After my gloss and salt scrub, Sarah Rappolt ushered me over to her station. You don’t just feel like you’re in good hands when you sit down in Sarah’s chair. You feel like you’re in an artist’s hands, transcending feelings of safety and comfort, to an absolute certainty that you will leave her chair a more beautiful version of yourself. “Choppy layers that frame your face, give you more volume and make your head feel lighter, right?” Sarah said.
MR: You recently changed salons, what have you brought with you to Wonderland? SR: A lot of what I bring to the company is education. I bring a formal way of teaching and training. Michael brought me on a year ago to develop their curriculum in house. Some salons focus around a set SARAH RAPPOLT of rules and standards— cut and shape this way and color that way. But when you think about it, the things that make a difference are not actually what you do but why you do them so then there are salons that are focus more on an idea. Our idea is “we want everyone to feel happy and beautiful
Photographer Heather Hazzan @heatherhazzan
when they leave”. After working with them for about a year and meeting all of their staff, I realized the energy here is really great and people are really open to learning and developing so I decided to make a switch.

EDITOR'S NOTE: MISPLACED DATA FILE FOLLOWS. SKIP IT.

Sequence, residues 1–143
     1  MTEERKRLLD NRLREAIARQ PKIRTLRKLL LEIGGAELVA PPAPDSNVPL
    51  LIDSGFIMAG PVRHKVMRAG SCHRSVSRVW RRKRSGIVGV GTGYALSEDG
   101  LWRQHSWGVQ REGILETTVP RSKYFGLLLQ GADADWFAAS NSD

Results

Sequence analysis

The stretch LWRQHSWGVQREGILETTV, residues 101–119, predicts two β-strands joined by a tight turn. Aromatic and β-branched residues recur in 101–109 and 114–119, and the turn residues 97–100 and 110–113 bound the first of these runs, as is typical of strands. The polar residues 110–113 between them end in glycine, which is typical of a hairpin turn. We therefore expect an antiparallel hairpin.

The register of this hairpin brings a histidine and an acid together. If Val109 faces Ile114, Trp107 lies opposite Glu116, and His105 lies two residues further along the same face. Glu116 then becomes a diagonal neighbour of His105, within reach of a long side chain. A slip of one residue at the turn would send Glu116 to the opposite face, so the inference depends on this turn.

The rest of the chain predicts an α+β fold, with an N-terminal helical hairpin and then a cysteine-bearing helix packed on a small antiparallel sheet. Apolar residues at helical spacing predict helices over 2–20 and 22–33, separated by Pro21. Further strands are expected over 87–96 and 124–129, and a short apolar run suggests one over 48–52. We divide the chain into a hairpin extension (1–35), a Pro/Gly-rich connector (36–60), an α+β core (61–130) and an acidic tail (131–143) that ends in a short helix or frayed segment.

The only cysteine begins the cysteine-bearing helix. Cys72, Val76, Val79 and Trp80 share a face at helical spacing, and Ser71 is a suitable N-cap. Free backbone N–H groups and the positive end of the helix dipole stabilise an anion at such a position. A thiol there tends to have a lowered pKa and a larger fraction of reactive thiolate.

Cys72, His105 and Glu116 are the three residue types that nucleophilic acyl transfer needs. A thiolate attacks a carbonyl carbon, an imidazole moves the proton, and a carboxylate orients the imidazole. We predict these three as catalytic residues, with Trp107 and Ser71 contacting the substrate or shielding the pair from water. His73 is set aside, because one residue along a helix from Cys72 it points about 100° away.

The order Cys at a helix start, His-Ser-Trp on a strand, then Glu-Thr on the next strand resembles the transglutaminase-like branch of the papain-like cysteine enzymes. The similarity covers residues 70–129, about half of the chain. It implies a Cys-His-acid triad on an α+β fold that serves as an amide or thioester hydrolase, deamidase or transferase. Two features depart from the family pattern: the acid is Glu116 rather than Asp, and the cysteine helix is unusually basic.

MR: How did you forecast that salons needed to incorporate social media in order to be successful? SR: Salon culture has always been very concerned with what’s going on with magazines and publishing because that’s how people find salons. With social media, it’s like that but it’s more immediate. Bloggers are sort of the new editors and I started realizing it when bloggers were sitting front row at fashion shows and a lot of the editors were in the back. So for me, that shows that they seem to be more influential. The market is so saturated with products and people, that when you find someone you can trust, (i.e. a blogger), it make a big difference. I want those people in my chair because first of all, they’re very influential within their communities and secondly, they’re mostly young girls who haven’t been through the wringer yet with figuring out what they want their look to be and they need someone to give it to them. LE FA I R MA G A Z I NE | 1 1 1